Greater Baton Rouge Business Report
Baton Rouge is expected to hear tomorrow for the first time from Amazon officials, who will at long last confirm their plans for redeveloping the former Cortana Mall site into a five-story, 3.5 million-square-foot regional fulfillment center.
The Baton Rouge Area Chamber has scheduled an 11 a.m. news conference for what it describes as a major economic development announcement.
BRAC officials decline to divulge specifics of the announcement in advance. But other sources familiar with the situation say the briefing will make official what has been discussed publicly for months by Amazon proxies but never by the e-retail giant itself.
BRAC and elected officials are expected to tout the economic development benefits of the planned facility, which will operate 24/7, cost some $300 million to develop, process some 500,000 small packages a day, and employ more than 3,000 mostly full-time workers—not including thousands of drivers, who will work for the company on a contract basis, or part-time seasonal workers.
Earlier this year, when the Metro Council was approving zoning changes needed to make way for the facility, Mayor Sharon Weston Broome called the project “a generational project” and an “innovative public-private partnership” that would be a much needed boon in a disinvested area.
Around the same time, Amazon effectively outed itself, when it acquired the various properties comprising the former Cortana site for more than $23 million.
The announcement comes as online retail is booming but also as the nation is experiencing an unprecedented labor shortage. Amazon, in particular, has come under fire in markets around the country for creating low-wage jobs with few worker protections, difficult working conditions, and 12-hour shifts with few breaks.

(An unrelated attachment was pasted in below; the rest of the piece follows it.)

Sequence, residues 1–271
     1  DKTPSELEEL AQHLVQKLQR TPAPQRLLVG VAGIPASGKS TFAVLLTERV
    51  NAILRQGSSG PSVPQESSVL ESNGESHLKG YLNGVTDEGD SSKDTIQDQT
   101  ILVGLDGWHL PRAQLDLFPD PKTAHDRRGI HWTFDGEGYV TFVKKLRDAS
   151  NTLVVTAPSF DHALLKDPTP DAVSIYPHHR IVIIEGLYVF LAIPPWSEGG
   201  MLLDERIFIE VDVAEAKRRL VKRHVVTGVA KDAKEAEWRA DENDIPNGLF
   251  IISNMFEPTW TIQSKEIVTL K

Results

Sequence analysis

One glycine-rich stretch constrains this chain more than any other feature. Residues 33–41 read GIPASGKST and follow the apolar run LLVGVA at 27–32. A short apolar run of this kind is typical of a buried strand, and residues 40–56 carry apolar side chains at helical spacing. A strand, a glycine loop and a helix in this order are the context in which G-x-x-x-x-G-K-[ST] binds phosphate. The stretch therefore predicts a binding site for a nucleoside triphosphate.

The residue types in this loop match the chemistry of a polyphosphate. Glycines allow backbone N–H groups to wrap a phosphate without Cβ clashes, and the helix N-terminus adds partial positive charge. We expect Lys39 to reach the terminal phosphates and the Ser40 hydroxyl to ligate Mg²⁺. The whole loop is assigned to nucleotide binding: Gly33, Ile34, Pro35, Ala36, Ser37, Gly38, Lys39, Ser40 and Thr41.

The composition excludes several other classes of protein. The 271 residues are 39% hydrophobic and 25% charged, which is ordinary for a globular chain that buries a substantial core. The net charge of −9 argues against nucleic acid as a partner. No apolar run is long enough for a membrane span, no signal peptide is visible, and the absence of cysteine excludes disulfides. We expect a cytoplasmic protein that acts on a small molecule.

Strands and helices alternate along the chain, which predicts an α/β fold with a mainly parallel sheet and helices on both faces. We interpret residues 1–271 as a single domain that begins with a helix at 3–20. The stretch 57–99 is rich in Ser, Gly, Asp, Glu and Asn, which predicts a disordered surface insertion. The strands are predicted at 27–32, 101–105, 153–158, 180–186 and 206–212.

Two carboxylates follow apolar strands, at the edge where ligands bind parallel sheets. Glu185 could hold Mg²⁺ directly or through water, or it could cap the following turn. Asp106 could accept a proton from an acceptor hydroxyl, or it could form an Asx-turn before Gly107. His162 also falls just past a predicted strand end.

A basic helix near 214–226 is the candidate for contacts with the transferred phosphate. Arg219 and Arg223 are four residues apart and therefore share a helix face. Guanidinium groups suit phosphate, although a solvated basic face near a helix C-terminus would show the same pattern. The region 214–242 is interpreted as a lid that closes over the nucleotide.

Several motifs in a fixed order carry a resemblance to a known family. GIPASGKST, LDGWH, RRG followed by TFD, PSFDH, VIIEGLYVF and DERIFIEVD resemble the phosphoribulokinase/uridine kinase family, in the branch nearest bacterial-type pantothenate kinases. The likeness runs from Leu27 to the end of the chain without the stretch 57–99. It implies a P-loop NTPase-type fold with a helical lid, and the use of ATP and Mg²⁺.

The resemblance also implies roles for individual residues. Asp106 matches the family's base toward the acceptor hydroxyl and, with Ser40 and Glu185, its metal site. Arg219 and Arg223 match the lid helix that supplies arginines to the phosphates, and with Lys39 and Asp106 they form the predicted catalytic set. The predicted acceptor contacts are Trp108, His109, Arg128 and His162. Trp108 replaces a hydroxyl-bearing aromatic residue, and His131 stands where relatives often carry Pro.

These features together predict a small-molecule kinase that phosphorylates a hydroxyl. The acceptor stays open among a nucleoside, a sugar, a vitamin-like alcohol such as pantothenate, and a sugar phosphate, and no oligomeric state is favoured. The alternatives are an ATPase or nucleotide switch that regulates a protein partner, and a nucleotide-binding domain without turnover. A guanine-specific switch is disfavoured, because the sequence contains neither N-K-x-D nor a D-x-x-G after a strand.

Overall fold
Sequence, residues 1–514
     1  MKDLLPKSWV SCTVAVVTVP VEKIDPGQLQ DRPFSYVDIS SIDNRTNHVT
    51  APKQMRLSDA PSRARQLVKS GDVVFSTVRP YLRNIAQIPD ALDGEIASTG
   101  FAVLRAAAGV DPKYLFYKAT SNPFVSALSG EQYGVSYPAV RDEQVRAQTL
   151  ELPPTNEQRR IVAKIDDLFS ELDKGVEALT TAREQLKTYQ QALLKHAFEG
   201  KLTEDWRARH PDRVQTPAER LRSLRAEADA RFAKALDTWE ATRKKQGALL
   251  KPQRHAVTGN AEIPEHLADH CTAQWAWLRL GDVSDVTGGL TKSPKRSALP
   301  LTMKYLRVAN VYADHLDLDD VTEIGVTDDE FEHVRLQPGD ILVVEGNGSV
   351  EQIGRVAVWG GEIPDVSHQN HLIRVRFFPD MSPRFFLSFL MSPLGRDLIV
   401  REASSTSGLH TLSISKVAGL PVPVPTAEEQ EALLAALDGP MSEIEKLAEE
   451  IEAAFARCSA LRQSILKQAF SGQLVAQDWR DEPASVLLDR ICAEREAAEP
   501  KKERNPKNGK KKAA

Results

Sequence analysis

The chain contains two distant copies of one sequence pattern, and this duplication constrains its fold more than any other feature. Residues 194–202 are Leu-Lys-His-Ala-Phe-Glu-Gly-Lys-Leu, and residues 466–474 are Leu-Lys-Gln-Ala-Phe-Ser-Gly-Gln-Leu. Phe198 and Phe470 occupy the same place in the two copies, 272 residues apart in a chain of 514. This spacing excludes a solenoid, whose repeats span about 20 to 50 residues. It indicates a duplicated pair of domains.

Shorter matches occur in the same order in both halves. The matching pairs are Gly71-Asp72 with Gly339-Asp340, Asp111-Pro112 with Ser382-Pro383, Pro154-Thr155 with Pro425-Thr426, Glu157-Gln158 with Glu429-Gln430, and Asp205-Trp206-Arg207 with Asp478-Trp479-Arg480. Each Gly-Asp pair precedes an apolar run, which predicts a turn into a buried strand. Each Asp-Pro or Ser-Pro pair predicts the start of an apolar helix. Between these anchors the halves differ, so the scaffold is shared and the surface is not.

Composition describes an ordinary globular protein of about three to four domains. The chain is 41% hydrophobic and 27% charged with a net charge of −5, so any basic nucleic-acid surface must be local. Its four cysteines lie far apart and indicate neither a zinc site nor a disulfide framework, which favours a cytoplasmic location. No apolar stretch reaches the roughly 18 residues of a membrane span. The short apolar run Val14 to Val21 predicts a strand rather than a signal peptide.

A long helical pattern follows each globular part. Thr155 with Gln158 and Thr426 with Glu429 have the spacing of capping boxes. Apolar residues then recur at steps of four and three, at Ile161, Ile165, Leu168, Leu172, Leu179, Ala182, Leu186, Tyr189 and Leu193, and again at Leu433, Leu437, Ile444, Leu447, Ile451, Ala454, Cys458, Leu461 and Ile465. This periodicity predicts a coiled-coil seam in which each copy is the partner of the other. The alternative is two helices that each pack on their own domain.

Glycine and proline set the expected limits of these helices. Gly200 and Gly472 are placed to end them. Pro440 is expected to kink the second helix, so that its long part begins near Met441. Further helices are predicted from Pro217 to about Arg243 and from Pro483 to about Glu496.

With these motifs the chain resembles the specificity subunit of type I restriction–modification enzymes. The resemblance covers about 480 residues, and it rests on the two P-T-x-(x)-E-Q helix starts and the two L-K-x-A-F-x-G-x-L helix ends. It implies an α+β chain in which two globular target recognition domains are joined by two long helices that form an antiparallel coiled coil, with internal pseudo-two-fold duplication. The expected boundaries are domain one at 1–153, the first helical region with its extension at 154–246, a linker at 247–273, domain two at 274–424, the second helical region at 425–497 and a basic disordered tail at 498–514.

At $15 an hour, Amazon’s hourly rate is considered minimum wage in some markets, though in Baton Rouge it’s well above the baseline and could encourage other employers to increase their hourly rates.
Daily Report first reported on Amazon’s plans for Cortana in mid-2019, when only the mall’s Dillard’s discount store remained in operation.
In the months that followed, Amazon’s real estate developer, Seefried Industrial Properties, negotiated deals to acquire the mall and its five anchor tenants, which was no small feat.
Earlier this month, Daily Report reported that Dillard’s is at odds with Louisiana Economic Development, claiming the state agency reneged on a promise of financial assistance it made to company officials last fall while trying to convince them to sell the discount store to make way for the Amazon project.
Dillard’s was the lone holdout among the former property owners and wanted $10 million for its property. It ultimately sold for $6.5 million.
LED has denied it made any promises, verbal or otherwise, of financial assistance.
Work crews are finalizing demolition and site prep work to make way for construction to begin on the fulfilment center later this summer. The facility is expected to take 18 months to complete.